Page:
Los Angeles public schools reopen Wednesday after an emailed threat caused officials to close the system Tuesday.
Los Angeles Mayor Eric Garcetti said an investigation by the Federal Bureau of Investigation and local police concluded that the threat was not credible.
U.S. Congressman Adam Schiff, who represents parts of the Los Angeles suburbs said on Twitter that the preliminary assessment is that the e-mailed threat was aimed at disrupting schools in large cities.
The message threatened schools with a large-scale attack using assault rifles, machine guns and bombs.
In New York, officials said they received a similar threat and determined it to be a "hoax."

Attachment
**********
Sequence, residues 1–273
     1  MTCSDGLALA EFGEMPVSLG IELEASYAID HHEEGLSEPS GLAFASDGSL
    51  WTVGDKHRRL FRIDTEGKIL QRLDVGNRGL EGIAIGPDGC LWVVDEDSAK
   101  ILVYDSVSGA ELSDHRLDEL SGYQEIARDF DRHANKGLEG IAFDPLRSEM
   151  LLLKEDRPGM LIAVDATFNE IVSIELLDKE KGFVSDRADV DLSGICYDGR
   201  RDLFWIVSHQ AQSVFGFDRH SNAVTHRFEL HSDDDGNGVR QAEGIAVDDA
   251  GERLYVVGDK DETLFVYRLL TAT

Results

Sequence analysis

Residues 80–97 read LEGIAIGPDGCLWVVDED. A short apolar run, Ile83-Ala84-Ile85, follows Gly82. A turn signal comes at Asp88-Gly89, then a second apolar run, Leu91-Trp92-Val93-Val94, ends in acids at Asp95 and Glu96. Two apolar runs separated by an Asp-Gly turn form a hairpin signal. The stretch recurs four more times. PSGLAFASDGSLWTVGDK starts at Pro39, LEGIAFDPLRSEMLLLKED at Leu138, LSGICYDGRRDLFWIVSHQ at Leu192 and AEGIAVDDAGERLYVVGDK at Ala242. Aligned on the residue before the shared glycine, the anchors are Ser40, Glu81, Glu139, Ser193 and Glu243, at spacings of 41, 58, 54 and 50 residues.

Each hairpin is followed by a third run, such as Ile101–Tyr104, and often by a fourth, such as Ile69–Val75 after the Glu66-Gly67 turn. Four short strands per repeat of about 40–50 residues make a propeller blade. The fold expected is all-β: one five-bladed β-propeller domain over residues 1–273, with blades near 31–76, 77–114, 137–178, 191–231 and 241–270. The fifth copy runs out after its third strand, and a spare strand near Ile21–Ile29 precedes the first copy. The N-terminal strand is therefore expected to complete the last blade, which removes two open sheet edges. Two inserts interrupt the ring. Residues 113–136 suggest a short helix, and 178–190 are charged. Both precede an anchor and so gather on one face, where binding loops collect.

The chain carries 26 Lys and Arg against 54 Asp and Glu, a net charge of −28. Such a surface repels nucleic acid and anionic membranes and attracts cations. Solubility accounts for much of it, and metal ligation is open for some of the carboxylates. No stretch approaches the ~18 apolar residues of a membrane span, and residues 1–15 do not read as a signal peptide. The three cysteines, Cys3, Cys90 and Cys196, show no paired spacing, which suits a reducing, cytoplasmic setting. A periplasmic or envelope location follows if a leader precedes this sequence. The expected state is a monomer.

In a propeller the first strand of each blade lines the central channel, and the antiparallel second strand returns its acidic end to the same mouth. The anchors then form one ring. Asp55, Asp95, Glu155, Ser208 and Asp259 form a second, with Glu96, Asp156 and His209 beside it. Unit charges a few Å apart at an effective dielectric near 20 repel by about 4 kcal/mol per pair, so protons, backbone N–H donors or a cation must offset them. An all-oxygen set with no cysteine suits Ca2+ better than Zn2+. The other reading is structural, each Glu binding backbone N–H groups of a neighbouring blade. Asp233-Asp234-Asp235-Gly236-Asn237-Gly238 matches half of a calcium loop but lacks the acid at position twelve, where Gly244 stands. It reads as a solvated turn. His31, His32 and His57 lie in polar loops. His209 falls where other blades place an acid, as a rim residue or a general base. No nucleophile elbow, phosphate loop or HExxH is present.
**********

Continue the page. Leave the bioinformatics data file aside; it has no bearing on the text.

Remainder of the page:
"We will be vigilant. But we are absolutely convinced our schools are safe," New Mayor Bill de Blasio said.
But Los Angeles officials were cautious since the threat came just two weeks after apparent Islamic State sympathizers killed 14 people wounded 22 in the nearby city of San Bernardino.
“It was not to one school, two schools or three schools, it was many schools, not specifically identified, but there were many schools,” school superintendent Ramon Cortines said. “That’s the reason that I took the action that I did.”
Police spent the day searching all 900 Los Angeles area public schools -- the nation's second-largest school system after New York City.